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For U.S. Catholics, a greater bind lies ahead.

Whether the result of providence or some other force, Roman Catholic Church leadership during the last half century has been in step with successive U.S. government administrations.

Until now.

Go back to the quiet and conservative 1950s, when a frail Pius XII sat in Rome and the conservative Dwight D. Eisenhower enjoyed Washington.

Their terms were followed in the 1960s by the more provocative and progressive leadership of the two Johns: John XXIII and John F. Kennedy. If those men's styles made history, their innovations took shape in the late 1960s under two other progressives, Paul VI and Lyndon B. Johnson.

But the chaotic and hopeful 1960s spawned the uncertain and transitional 1970s. Paul VI seemed to ossify in the wake of Humanae Vitae and advancing age. Balance became crucial to that pope. And so, too, did it become the norm with the presidency of moderate Democrat Jimmy Carter.

The 1980s changed all that. Both in Rome and in Washington, the new decade was ushered in with hard moves to the right. A Polish pope, John Paul II, seemed to set out to undo the 1960s and the reforms of the Vatican Council. In Washington, a Hollywood actor seemed similarly intent on denying the political innovations of two decades back. The Catholic ecclesial and the U.S. (Reagan/Bush) political right characterized the 1980s.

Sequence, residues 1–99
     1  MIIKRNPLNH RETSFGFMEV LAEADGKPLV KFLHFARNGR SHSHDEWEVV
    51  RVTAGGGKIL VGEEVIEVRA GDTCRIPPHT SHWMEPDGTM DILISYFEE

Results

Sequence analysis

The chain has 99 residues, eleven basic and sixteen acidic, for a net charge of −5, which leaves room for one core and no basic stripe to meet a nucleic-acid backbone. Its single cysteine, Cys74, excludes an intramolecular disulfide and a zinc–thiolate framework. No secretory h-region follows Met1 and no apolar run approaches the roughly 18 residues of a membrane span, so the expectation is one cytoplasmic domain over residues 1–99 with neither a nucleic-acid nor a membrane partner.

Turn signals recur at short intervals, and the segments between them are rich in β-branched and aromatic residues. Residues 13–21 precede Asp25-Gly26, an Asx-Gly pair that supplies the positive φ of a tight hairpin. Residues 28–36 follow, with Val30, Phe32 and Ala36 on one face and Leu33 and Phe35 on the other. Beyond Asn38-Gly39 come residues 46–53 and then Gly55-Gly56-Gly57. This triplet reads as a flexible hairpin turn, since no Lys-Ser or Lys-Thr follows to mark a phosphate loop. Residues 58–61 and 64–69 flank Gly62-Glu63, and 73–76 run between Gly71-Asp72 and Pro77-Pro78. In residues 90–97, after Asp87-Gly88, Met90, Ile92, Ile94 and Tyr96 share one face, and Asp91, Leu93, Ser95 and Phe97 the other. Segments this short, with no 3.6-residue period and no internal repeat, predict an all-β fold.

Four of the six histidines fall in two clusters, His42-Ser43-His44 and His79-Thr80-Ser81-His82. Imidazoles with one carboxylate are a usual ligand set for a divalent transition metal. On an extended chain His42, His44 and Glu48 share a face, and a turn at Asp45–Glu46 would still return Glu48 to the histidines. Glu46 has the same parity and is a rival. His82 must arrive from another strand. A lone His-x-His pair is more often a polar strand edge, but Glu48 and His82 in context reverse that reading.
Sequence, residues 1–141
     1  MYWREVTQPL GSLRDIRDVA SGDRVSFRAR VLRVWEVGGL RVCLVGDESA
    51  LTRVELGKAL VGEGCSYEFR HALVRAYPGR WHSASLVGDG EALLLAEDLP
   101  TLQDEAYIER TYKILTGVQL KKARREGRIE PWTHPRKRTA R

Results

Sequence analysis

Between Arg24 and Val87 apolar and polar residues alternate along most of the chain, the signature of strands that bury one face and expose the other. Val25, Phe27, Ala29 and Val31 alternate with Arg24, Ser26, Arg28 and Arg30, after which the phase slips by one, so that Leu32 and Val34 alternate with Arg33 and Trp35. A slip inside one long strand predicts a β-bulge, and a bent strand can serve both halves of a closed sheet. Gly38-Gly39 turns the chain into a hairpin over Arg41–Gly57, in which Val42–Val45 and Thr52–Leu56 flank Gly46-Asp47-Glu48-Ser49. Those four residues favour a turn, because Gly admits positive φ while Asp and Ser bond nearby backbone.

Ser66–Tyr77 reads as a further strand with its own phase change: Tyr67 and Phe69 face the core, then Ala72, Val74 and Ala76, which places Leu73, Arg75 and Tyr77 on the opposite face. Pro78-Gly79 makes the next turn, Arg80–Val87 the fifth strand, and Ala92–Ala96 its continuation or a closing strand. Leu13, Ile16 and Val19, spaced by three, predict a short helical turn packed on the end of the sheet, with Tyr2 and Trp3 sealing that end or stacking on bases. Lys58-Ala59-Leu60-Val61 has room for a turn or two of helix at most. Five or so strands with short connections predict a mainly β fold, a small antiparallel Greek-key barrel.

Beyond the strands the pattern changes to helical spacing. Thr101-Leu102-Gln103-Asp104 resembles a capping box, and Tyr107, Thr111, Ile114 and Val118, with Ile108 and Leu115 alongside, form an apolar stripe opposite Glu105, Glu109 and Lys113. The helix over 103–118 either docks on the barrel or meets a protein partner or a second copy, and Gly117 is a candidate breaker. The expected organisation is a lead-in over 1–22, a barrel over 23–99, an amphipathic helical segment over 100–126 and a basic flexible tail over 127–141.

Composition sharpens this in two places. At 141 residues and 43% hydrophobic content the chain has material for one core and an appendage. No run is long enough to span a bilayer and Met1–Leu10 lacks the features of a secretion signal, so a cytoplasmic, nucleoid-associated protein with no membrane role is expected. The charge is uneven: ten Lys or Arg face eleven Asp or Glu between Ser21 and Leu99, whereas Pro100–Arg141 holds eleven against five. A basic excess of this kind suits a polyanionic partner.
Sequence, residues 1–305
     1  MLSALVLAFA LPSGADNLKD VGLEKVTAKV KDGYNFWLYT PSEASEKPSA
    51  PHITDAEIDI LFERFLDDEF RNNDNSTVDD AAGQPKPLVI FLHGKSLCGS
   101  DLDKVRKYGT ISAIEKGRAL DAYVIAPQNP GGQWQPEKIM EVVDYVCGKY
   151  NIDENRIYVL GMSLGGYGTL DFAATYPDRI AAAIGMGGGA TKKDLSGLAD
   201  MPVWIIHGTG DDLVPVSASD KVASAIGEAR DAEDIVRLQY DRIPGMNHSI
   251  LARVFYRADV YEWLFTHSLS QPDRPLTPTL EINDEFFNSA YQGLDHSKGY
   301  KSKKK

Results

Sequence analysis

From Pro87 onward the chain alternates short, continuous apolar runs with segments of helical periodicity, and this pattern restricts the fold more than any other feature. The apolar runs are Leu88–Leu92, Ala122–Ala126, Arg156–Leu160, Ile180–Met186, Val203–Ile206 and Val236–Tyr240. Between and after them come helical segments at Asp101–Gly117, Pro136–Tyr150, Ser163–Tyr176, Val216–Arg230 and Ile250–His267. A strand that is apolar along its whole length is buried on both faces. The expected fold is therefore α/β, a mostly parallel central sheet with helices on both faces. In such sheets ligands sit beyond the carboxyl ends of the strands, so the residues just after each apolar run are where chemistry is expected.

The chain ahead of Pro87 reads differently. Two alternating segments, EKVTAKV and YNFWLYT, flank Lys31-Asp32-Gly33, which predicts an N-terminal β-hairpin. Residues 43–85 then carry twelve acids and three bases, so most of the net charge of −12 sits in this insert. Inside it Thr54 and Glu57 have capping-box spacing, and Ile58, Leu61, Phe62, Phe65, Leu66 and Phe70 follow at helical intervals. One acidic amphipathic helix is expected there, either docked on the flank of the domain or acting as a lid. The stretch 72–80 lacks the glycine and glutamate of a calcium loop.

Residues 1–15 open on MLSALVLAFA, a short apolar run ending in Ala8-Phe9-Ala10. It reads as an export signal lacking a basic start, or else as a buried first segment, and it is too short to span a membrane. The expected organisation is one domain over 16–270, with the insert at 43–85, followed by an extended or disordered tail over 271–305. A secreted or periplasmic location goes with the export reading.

Only now, in January 1993, for the first time in nearly five decades, does a Rome/Washington leadership divergence appear imminent. Rome remains on its rightist course while Washington appears ready to move to the left -- how far and for how long remains to be seen.

Social movements do make a difference They do much to set the mood, define priorities. So what will this divergence mean? Two quick thoughts come to mind. One, democracies seem to have an easier time staying with the people, reforming themselves, than do monarchies. Two, the psychic/spiritual strain many U.S. Catholics have felt in recent years is only likely to increase s they feel torn between their U.S. and Roman Catholic impulses. Church drift may be further exacerbated.

Looking at the 1990s, and assuming no other unexpected changes, many U.S. Catholics will find themselves in an increasingly greater bind, caught between their democratic instincts and fide]ity to their Catholic roots. It is a painful prospect. Required will be understanding Catholic leaders, capable of healing real wounds. That, in turn, will require bold, even brave. episcopal leadership. As the world turns, so, too, do its peoples.
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Title Annotation:President-elect Bill Clinton's liberals vs. Vatican conservatism
Publication:National Catholic Reporter
Article Type:Editorial
Date:Jan 8, 1993
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